Veon eyes Open RAN for Ukraine rebuild

now open sign neon

Kyivstar parent Veon has brought in Rakuten Symphony to assist with the reconstruction of its infrastructure in Ukraine.

To support the Ukrainian State Agency for Reconstruction and Development of Infrastructure’s ‘We Build Ukraine’ initiative, the two firms have signed an MoU under which they have agreed to work on rolling out Open RAN-based 5G networks that Veon says will underpin a new generation of digital services.

Veon, which operates in six markets in total, announced in June that it will spend $600 million over three years on its Ukrainian unit. The bulk of the funds are being ploughed into fibre and 4G – it has set a target of covering 98% of the population with the latter.

Veon said at the time that this investment paves the way for the deployment of 5G. And on Wednesday it said that Open RAN technology represents a “compelling choice” when it comes to 5G network architecture.

As one of the more active proponents of Open RAN, Rakuten Symphony is a safe pair of hands when it comes to its commercial deployment.

Veon also drew parallels between Kyivstar’s and Rakuten’s respective activities in Ukraine. The former offers a range of online health, entertainment, information and education services, while the latter operates one of the most popular messaging apps in Ukraine – Rakuten Viber – and has deep international experience when it comes to messaging and financial services.

Veon reckons this shared focus on digital ecosystems puts their partnership on a solid footing. Rakuten will certainly hope so, because under the MoU, the two have agreed to explore potential partnerships in Veon’s other markets – this could be the start of a beautiful friendship.

“Veon and Rakuten share a similar vision: we are both highly customer-focused, digital experience-oriented companies which redefine communications in our respective markets,” said Veon CEO Kaan Terzioğlu, in a statement. “We are very excited to partner with Rakuten to explore the opportunities in Veon’s markets, with a combined population of 510 million. I am also delighted that we will start this work in Ukraine, where the country’s reconstruction is also a shared priority.”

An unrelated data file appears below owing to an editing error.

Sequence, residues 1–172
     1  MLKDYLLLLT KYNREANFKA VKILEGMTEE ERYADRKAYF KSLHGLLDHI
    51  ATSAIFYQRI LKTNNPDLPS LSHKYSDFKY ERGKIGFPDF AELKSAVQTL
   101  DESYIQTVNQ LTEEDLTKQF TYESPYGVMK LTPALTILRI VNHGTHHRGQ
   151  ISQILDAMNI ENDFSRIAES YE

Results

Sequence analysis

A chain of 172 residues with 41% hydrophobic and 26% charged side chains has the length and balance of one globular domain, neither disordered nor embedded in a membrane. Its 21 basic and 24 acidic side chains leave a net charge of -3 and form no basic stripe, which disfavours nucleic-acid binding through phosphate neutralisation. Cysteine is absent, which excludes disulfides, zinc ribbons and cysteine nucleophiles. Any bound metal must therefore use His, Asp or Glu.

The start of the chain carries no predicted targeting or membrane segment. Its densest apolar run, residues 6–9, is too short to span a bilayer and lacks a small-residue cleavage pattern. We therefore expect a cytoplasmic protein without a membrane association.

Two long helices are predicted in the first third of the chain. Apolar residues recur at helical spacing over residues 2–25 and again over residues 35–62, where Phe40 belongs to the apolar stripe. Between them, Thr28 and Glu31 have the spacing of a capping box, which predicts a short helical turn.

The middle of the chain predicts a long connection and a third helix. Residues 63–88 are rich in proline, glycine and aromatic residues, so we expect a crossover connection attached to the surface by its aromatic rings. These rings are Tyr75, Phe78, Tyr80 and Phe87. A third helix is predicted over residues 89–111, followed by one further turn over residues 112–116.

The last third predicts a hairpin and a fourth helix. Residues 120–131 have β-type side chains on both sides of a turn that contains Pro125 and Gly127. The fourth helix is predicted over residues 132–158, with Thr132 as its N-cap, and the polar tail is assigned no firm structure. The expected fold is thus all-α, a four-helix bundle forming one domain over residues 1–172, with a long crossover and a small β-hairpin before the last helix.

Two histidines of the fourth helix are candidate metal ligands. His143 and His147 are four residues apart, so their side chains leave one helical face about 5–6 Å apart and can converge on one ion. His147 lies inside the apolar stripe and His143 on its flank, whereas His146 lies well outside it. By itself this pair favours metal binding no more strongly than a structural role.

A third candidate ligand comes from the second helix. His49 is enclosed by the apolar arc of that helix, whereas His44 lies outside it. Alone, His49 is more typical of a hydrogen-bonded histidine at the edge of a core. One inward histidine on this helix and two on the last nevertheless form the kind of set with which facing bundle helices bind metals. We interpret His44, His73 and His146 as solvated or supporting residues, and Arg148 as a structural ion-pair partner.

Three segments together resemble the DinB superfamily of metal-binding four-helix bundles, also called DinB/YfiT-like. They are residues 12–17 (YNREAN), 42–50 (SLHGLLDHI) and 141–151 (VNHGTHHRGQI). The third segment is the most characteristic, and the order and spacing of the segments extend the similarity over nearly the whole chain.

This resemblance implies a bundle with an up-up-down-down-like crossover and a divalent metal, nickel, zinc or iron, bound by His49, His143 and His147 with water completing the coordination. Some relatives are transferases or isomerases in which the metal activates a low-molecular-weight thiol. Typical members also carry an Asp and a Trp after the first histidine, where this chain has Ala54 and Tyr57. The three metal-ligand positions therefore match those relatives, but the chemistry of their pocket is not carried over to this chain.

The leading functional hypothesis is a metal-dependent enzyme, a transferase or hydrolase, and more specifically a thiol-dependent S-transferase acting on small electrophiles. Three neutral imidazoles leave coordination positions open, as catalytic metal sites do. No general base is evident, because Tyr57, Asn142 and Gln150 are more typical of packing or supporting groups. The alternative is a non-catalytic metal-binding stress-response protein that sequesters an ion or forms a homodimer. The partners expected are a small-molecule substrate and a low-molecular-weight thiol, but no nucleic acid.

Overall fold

Veon said Kyivstar and Rakuten aim to deploy “robust and future-proof telecommunications infrastructure.”

Indeed, robust is unfortunately – given the invasion of Ukraine by Russia – the operative word.

When spoke to Kyvistar CTO Volodymyr Lutchenko last September, he said 35% of his company’s mobile sites had been completely destroyed. He said that Kyivstar had focused on core network redundancy to ensure continuity of service to sites that were still operational.

Catching up again with Lutchenko at this year’s Mobile World Congress, he explained that with the liberation of occupied areas underway, Kyivstar had reconnected more than 800 cities and villages in these locations, restoring approximately 90% of all damaged infrastructure.

Far from simply rebuilding what was there before, Wednesday’s announcement demonstrates that Kyivstar is determined not to allow the ongoing war to let it fall behind its global peers.

“Rakuten is honoured to support the ‘We Build Ukraine’ initiative through potential collaboration with Veon to boost Ukraine’s critical national telecommunications infrastructure,” said Mickey Mikitani, CEO of Rakuten Group and chairman of Rakuten Symphony. “We look forward to bringing our technological expertise from Open RAN telecom solutions and a broad range of digital services including Rakuten Viber to support Ukraine in transforming its digital landscape, as well as exploring further joint opportunities in other Veon markets.”

Get the latest news straight to your inbox. Register for the newsletter here.

  • Open RAN Ecosystem

Leave a comment

Your email address will not be published. Required fields are marked *

This site uses Akismet to reduce spam. Learn how your comment data is processed.